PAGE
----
Wild Men on the North Fork

Home | Soils | Ideas | Raised Beds | Companions | Flowers | Fruit Trees | Recipes |
About Catalogs | Bill Simpson | Barry Franck | Harry Martin Cartoons | Bessemer Bend Stocks | Wild Men On The North Fork
Vegetable Variety Pages: | Beans - Carrot | Cauliflower - Corn |Cucumber - Peas
Peppers - Squash | Tomato - Watermelon
2015 Notes | 2014 | 2013 | 2012 | 2011 | 2010 | 2009 | 2008 | 2007 | 2006 | 2005 | 2004 | 2003 | 2002
Wyogrow...where the tough get growing, by Fred Jacquot
I have been an active gardener in the Casper area now for over 30 years. Back when I first started no one could tell a beginner what kind of carrots or tomatoes grew best here. Because I have been taking notes all these years, you can find out what plants do best in Wyoming on the 'vegetable varieties' pages, whose links are above.
Along with my partners Mark McAtee and Paul Combe I have done a lot of experimenting and research. You can find the results of this activity on these many pages. Please click on the links and start viewing our work. I think you will find that there is a huge amount of information available here for you. Enjoy!

Below are a few links to some nice garden sites.

Raspberry De Light Farms
Texas A&M Vegetables
Here is a link to Garden Guides!
Rocky Mountain Garden Forum
Garden Humor
About Composting

Between Seasons 2010 - 2011

December 27, 2010

Here are links to two new pages on this site:

Barry Franck

Flowers

Now that the beds are cleared from this past growing season, we begin the next season. For me that means looking at new varieties. This is a process that will continue through the end of January.

There is a triumverate of main factors that determine your success in your garden:

Today I will tackle the first Factor: Seed Choice. Later, I will hammer away at the other two Factors.

What the catalog does not say is very important.

As I said earlier, there are three factors which determine success in the garden: Seed (variety) Selection, Soil, Weather. You have the most control over the first two factors. Your success in choosing the right variety may well begin soon as the catalogs come to your houses. We are in the catalog season. I have received most already, and will get more in the next 4 weeks. I have found that catalogs have to be read very carefully. Let me give you an example. Here is the description of Big Bertha Pepper from the Totally Tomatoes Catalog:

We grew this pepper for a lot of years. So I can say with authority that everything in the above quote is accurate. But beware. The problem we always had with Big Bertha is that is has very thin walls. There is not much pepper in that pepper. A quick re-read of the description will reveal that Totally Tomatoes never said it did have thick walls. If you want thick walls on your pepper, you had better read the descriptions very carefully to make sure your seed supplier says the pepper has thick walls.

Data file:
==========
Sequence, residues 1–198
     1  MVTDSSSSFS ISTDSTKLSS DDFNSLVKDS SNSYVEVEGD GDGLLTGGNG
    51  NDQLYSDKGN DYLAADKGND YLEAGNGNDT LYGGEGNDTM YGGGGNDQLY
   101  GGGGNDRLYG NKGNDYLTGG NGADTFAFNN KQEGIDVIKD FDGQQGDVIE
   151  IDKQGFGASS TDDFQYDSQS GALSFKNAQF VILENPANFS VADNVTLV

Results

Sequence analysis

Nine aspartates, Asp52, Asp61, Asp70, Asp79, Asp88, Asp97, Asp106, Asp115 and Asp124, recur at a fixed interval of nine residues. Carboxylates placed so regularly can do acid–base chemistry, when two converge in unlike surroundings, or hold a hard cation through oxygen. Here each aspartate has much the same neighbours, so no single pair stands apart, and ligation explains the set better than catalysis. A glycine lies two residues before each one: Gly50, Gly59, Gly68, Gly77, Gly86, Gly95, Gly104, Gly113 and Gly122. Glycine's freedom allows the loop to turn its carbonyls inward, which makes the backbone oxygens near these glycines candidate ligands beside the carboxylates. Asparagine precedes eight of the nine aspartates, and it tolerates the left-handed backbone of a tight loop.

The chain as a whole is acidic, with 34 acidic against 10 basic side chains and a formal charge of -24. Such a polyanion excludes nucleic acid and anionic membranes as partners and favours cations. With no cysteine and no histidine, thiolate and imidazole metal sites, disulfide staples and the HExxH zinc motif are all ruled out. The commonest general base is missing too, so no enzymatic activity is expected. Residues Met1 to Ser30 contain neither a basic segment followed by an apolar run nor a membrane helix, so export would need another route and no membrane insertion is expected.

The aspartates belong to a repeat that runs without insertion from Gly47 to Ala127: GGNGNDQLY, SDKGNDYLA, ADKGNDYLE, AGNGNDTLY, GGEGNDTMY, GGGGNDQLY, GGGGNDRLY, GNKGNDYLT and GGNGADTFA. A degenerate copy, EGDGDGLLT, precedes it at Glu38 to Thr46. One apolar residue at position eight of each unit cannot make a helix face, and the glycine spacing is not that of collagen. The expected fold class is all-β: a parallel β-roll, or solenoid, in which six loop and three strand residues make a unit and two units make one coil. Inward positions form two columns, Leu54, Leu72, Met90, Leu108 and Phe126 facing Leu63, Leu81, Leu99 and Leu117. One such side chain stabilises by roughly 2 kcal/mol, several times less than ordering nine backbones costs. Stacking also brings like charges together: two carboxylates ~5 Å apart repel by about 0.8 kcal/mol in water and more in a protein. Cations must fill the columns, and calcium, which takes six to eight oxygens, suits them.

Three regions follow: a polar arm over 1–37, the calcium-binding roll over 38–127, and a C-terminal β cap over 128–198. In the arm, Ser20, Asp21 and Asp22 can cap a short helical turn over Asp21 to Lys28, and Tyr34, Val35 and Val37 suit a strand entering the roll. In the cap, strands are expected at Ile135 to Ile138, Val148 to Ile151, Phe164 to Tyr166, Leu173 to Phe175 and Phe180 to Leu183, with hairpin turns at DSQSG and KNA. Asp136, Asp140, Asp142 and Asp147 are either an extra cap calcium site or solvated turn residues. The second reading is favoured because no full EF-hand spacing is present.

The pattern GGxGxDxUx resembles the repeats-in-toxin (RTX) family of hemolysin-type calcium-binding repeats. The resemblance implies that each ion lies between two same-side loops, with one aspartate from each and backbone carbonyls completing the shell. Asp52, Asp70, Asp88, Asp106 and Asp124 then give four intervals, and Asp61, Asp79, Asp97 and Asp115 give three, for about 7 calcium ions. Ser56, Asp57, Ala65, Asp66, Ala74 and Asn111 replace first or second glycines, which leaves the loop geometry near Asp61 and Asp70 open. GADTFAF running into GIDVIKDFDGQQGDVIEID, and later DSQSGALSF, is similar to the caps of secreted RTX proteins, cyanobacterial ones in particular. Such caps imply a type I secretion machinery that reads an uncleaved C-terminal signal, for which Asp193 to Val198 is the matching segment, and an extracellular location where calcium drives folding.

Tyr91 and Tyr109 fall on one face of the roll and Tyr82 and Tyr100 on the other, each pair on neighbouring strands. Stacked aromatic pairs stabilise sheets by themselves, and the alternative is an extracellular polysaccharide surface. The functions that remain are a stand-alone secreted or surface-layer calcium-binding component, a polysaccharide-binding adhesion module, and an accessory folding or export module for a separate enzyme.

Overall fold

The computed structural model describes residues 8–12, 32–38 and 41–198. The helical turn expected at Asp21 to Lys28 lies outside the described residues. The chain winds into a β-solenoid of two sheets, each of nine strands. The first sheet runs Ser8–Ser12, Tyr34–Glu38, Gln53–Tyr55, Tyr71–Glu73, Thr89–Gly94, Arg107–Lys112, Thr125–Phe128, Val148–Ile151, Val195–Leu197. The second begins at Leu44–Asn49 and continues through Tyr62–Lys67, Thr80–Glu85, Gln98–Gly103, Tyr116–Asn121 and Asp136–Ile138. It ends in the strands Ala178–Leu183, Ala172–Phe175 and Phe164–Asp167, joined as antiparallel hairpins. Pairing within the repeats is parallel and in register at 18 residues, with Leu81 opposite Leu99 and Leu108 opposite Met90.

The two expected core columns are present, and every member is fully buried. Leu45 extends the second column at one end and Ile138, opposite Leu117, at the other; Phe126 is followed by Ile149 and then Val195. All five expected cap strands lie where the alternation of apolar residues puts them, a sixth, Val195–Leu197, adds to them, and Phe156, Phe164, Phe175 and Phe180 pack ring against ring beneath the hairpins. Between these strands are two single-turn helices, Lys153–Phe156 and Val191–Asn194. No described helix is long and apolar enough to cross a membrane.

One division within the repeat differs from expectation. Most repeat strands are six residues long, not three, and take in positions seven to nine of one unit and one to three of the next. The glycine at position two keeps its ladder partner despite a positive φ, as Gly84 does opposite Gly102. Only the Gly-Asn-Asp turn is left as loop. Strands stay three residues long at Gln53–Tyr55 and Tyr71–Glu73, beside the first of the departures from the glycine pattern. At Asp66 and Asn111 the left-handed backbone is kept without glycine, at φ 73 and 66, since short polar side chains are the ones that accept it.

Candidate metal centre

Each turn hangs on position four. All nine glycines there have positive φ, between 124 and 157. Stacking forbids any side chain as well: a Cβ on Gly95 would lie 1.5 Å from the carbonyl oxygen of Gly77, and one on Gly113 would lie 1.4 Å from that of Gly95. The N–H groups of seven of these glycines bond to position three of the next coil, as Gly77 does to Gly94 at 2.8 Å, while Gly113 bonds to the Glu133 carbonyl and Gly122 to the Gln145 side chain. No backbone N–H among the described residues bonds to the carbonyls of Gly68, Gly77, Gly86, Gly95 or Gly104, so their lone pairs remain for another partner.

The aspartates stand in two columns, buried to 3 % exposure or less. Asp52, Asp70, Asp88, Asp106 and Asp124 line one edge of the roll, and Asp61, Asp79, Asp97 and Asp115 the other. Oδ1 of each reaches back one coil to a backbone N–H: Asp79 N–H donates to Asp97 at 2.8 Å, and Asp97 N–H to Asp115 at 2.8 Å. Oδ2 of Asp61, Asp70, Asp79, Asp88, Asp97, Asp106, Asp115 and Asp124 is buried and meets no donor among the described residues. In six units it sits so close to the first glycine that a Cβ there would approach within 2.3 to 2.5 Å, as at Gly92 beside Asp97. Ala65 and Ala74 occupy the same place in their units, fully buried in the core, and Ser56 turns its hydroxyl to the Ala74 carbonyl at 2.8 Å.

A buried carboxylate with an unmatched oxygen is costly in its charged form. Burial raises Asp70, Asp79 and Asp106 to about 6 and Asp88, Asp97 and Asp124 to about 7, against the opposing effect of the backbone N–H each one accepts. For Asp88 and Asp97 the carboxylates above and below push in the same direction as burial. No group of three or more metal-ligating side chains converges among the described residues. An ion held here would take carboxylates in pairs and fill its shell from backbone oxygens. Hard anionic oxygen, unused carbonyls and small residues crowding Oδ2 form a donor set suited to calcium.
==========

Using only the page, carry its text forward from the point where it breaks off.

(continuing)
I love it when a description for a vegetable says that it is a 'vigorous grower'. If it does not mention how many fruit it produces, all you may get is a wonderful plant with not much fruit on it. You have to read carefully. The seed catalog will not lie, but it may omit.

On the links above you will find 'Vegetable Variety Pages'. For the vegetables you are interested in, click on the appropriate page and scroll down to find information about that vegetable. On these pages you find varieties that we recommend, and also links to online catalogs where you can order the seed. Here are those links to my Vegetable Variety Pages below:

Beans - Carrot

Cauliflower - Corn

Cucumber - Peas

Peppers - Squash

Tomato - Watermelon

On each page I recommend specific varieties and list varieties we are considering. On the left side of each variety listing are four-letter codes and a number. The four-letter code is a link to the site of a seed vendor that offers the variety in its catalog. The number is the 'days' that company lists for that variety to reach maturity. For plants like tomatoes and pepper, which are not usually direct seeded, the number represents the days to maturity from the time the start (already started) plant is set out into the bed. I list all of this information as an aid to you, fellow gardener, to help you find varieties that will work in your Wyoming garden.

I list Seed Choice, or Variety Choice as the first because I feel it is the most important choice a gardener makes. What you plant makes a huge difference in what you get by the end of the season. A good Selection will help to overcome negatives in Soils and Weather. That is why I am constantly reading and re-reading my seed catalogs. I am always searching to improve the productivity of our garden plots, and to improve the quality of what we grow. What is the point of setting a tomato plant out that will not perform well in our climate? Who wants to waste a growing season on a plant that gives you ten tomatoes that don't taste that great? Our main production tomato, Applause, outperforms, per square foot, any other tomato I've seen grow here in Casper. In addition, it got a One-Star rating in our tomato taste trial at the end of the 2009 season. It is a Determinate that really loads up! We grow the Indeterminates to produce better tasting tomatoes than even Applause. And we are constantly looking to improve both production and taste from our Indeterminates. In this process, Selection is everything.

The One Third Rule...

If you live in the Rocky Mountains, or at high elevations, and you are reading a seed catalog or the back of a seed packet, apply the One Third Rule to what you read.

Here is how that would work.

Let's say that Tomato 'X' information says that those tomatoes get to be 9 ounces. If you live at high elevation apply the one third rule, and you can expect to get 6 ounce tomatoes. If Tomato 'Y' information says that those tomatoes get to be 12 ounces, you will get 8 ounce tomatoes at high elevations.